By Hilary Corrigan

The Bulletin

As the National Park Service celebrates its centennial this season, a new poll by a coalition of groups explores the views of people of color about public lands and why they don’t visit such sites more often.

The biggest barrier is a lack of knowledge — people don’t know where the lands are, how to access them or how much visiting will cost, the poll found. Yet outreach and education targeting those communities could largely address misconceptions about the time, distance and cost involved in visiting public lands, according to poll findings.

The poll also found overwhelming approval among the voters for different proposals that seek to improve access to public lands and to provide more culturally diverse offerings. That includes increasing the number of urban parks and creating new parks, monuments and historic and cultural sites that focus on minorities’ contributions to the country. Rue Mapp, founder and CEO of Outdoor Afro and a Next 100 Coalition member, noted a chance to amplify stories such as those of the Buffalo Soldiers and Harriet Tubman.

The poll surveyed 900 registered voters — 300 each from the African-American, Latino and Asian-Pacific American communities — across the nation on their perceptions of America’s national parks and other public lands. The poll comes from New America Media, a California-based collaboration of ethnic media organizations; the Next 100 Coalition, a nationwide collaboration of civil rights, environmental justice, conservation and community organizations; and Bendixen & Amandi International, a Miami-based communications consulting firm. The groups discussed the results with the media on Tuesday.

The poll found strong interest in the outdoors among voters of color, with 70 percent participating in outdoor activities that are often offered on public lands.

The findings challenge perceptions that communities of color lack interest in public lands — a misconception that the groups said stems from studies reporting lower rates of doing outdoor activities than white people. But outreach and education targeting underrepresented groups would help communities of color visit public lands more, the poll found.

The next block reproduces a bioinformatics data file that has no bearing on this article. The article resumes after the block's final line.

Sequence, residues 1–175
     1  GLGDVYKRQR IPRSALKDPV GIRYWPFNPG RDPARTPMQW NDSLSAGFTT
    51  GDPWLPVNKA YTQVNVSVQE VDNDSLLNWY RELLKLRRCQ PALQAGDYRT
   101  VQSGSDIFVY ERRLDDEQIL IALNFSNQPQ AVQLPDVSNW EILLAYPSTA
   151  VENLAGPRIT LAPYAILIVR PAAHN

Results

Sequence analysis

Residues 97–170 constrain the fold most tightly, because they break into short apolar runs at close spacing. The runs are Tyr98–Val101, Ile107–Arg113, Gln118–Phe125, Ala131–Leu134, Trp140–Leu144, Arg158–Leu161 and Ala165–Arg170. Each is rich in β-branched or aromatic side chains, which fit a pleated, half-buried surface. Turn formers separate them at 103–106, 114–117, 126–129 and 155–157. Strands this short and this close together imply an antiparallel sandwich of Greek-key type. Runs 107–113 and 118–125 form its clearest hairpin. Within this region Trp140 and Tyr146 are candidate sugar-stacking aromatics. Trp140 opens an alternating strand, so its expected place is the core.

Many people don’t realize that there’s likely a national park or forest near them, and instead think of well-known, far-off places like Yosemite National Park or the Grand Canyon when they do consider public lands, said Anthony Williams, special projects director with Bendixen & Amandi International.

The groups highlighted the poll’s findings as especially significant now because of the country’s changing demographics. The U.S. Census predicts that by 2043, a majority of U.S. residents will be people of color — yet National Park Service studies find low attendance rates from communities of color, the groups noted. Sandy Close, executive director of New America Media, emphasized an opportunity to help others learn of the parks and to help the land management agencies improve their outreach and education.

The Next 100 Coalition has petitioned President Barack Obama for specific changes, saying that national parks, forests, monuments and other public lands play an important role in the nation’s identity but that they have not always reflected its diversity or even welcomed everyone.

“This has to change. Our public lands must reflect, honor and engage all people — for our families, and our future,” the coalition stated, adding that pressures like development and climate change mean that public lands will need a broad base of support to conserve them.

The coalition wants a presidential memorandum directing federal land management agencies to be more inclusive when protecting sites, engaging communities, telling stories and hiring staff. The coalition has specifically called for reviewing federal land management agency efforts to recruit and hire staff with more diverse backgrounds; reviewing federal programs to find ways to boost participation from culturally diverse communities and improve their access to public lands and waters; and a pilot project to show how to coordinate outreach among different agencies and sites.

The coalition also seeks expanded youth internship programs in federal land management agencies; and greater coordination and investment in agencies’ partnerships with historically black colleges, tribal universities and other educational programs for underserved communities to connect young people with internships, mentors and full-time careers in federal land management.

— Reporter: 541-617-7812,

hcorrigan@bendbulletin.com

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